Dolphins and Whales of  Mediterranean Sea

Whales and Dolphins are cetaceans. They are marine mammals fully-adapted to live their entire lives in the water and never return to land.
The major groups of marine mammals have separate evolutionary origins, from different groups of terrestrial mammals.Recent fossil and molecular evidence suggests that cetaceans are most closely related to the artiodactyls (a group of even-toed, hoofed mammals that includes ruminants such as cattle, camels, and hippos).

Whales and Dolphins breathe air, give birth to live young, nurse their calves with milk and are warm-blooded. Some species migrate long distances to reach good feeding grounds, to breed and nurse their calves or to overwinter in certain areas. They produce an extended collection of sounds for communication and echolocation, enabling them to navigate, find prey, identifying other cetaceans and predators.

There are approximately 87 living species divided into two major groups: the baleen whales or Mysticeti, and the toothed whales Odontoceti .

Eight species have resident populations in the Mediterranean Sea, and some other appear sometimes in these sea. Scientist proved that some of the resident species have evolved into genetically distinct subpopulations like the Fin Whale.

“Genetic analyses performed on minute skin samples remotely collected conclusively indicated that Ligurian Sea fin whales are genetically different from their North Atlantic conspecifics (Bérubé et al. 1998) source Tethys Research Institute “

Odontoceti: general description

Odontoceti means toothed whales.
Seventy-three species are known around the world, including dolphins, porpoises, beaked whales and sperm whales.

They are widespread all over the world. They have one blowhole whereas all baleen whales have two. The sperm whale stands out; in fact, the blowhole is on the left of the head instead of being central.

Odontocetes have conical teeth designed for catching fish or squid. However, killer whales feed on mammals such as pinnipeds.
Not all species are believed to use their teeth for feeding. For instance, the sperm whale likely uses its teeth for aggression or fighting against big squids.

Toothed whales are capable of making a broad range of sounds using nasal air sacs located just below the blowhole. In general, they produce three categories of sounds: frequency-modulated whistles, burst-pulsed sounds, and clicks. Dolphins communicate with whistle-like sounds produced by vibrating connective tissue, similar to the way human vocal cords function, and through burst-pulsed sounds, though the nature and extent of that ability are not known.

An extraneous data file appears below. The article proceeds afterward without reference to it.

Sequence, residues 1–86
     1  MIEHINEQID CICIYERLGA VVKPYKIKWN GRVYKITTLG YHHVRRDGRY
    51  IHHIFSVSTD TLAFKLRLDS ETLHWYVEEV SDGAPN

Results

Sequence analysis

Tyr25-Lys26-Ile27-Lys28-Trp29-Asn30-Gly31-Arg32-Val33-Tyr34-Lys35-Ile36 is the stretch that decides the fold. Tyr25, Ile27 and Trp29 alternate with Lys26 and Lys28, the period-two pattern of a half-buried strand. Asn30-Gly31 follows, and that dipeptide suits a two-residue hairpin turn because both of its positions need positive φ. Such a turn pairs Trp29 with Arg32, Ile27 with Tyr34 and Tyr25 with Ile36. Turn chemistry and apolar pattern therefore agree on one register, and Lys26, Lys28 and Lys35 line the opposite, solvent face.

The biggest dolphin is the Orca and the smallest is the vaquita that is also on of the most endangered dolphin in the world.

In the Mediterranean Sea lives eight seven species of toothed whales: Striped dolphin (Stenella coeruleoalba) Common dolphin (Short beaked comon dolphin), Common bottlenose dolphin (Tursiops truncatus), Risso’s dolphin (Grampus griseus) Long finned pilot whale (Globicephala melas), Cuvier’s beaked whale (Ziphius cavirostris) and the Sperm whale (Physeter macrocephalus)

thanks to Costa Balenae for the pictures.


Mysticeti: general description

The baleen whales, or Mysticeti, were previously known as whalebone whales: nowadays, 15 species of baleen whales are known and, in particular, they form four extant families such as the Balaenidae (right whales), Balaenopteridae (rorquals), Cetotheriidae (pygmy right whale) and Eschrichtiidae (grey whale).
In the Mediterranean Sea, live the fin whales, Balaenoptera physalus, the second larger animal on the earth; they can reach 24 m in length.

A peculiar characteristic of the baleen whales is to have baleen plates instead of teeth: they filter food from the water column by using a technique called lunge-feeding. It looks like an inverted suction feeding, during which whale takes a huge gulp of water, which is then filtered through the baleens.

This is considered as unique and as an extreme feeding method: at first, the animal must accelerate to gain enough momentum to fold its elastic throat around the volume of water to be swallowed. Furthermore, the water flows back through the baleens keeping back the food particles.
Depending on the species they feed small prey such as small fish, krill, copepods, and zooplankton.

Thanks to Costa Balenae for the pictures